It has been a super steep learning curve, but I have learned so much! I’ve had a week’s training in Cerner, Microsoft teams and excel and I honestly couldn’t be better prepared to deal with IT related stuff as a foundation doctor. I have come to appreciate the diligent staff that work in the shadows of NHS to ensure the patient we booked 6 months ago attends their surgery on time and at the right date. I have come to appreciate that a hospital isn’t just the medical staff that make clinical decisions rather it includes the superheroes that look through some doctors indiscernible notes, to identify if a patients elective surgery, that was cancelled due to coronavirus, is of a high or low priority. Yes, my current role is very different to what I expected I’d be doing to help this pandemic. Yes, it would be great to find a juicy vein for venepuncture, but I am learning something new I didn’t appreciate before COVID-19.
There’s more to the NHS than the front-end assembly of doctors and healthcare staff. We have some unappreciated superheroes in the backend ensuring you are receiving adequate care in adequate timing.
Charlene Khoza's Experience
Eye-opening. That’s how best I can describe my experience of volunteering so far. I chose to volunteer in a non-clinical role, working to organise and distribute the PPE that the clinical staff need. I have learnt just how much work goes into ensuring there are adequate supplies of the gloves, masks and other essential clinical equipment that keep the hospital going. It is hard. I have learnt about the secret tunnels, doors and routes in the hospital basements that are used to deliver equipment. I have learnt what happens between ordering something and it arriving on the ward. Even though there may be shortages, there is someone working to make sure that staff get what they need. This role has also taught me that sometimes the best way to help is to offer a listening ear. Doctors, nurses and other healthcare staff are human too and just as afraid of this situation as the next person. They need someone to share those fears with and who can reassure them that they are doing a great job and that there are adequate supplies to keep them safe. Being the voice over the phone telling them those things has been a humbling experience.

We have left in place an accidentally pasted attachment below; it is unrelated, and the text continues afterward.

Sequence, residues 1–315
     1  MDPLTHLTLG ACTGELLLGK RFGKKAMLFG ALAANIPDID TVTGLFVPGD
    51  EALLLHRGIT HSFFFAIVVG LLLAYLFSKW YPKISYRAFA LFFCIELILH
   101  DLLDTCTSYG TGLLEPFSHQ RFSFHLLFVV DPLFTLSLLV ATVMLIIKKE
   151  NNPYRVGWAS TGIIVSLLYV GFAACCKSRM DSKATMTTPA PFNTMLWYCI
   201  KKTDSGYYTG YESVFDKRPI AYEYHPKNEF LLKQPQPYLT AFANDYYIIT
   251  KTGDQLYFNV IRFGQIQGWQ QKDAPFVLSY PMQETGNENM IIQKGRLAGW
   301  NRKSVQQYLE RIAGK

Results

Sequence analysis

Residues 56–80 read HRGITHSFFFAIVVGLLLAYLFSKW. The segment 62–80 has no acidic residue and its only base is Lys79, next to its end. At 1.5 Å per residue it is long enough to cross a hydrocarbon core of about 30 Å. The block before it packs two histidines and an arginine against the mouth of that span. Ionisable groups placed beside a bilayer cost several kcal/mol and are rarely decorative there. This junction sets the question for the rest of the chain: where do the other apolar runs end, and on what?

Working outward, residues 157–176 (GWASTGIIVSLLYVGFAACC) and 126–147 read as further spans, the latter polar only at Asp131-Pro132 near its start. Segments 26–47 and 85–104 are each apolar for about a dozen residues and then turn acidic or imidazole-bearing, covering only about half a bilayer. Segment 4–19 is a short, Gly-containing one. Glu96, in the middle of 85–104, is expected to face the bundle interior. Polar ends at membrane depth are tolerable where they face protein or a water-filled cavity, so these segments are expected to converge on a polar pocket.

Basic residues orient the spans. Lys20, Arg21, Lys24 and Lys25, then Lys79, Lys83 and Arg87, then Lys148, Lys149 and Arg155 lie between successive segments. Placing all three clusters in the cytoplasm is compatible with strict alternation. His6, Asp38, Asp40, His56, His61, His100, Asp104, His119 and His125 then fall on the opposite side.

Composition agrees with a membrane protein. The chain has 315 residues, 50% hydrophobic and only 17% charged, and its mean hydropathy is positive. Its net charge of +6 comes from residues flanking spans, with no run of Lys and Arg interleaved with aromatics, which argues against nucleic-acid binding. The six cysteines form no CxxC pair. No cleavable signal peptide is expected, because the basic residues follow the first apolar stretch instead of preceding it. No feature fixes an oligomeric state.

I started off feeling unsure about what I could contribute and what would be of most benefit to the hospital I am in. But as time has passed, I have realised that I do have something to offer. Even if it may be something as simple as smile – it makes a difference.
Written by Dr Kwarteng Sarfo and Dr Charlene Khoza
Are you interested in volunteering with the NHS during this time? We recommend searching for volunteering schemes at your local hospital. There are many other ways you can support those around you at this time too. Look out for our next article!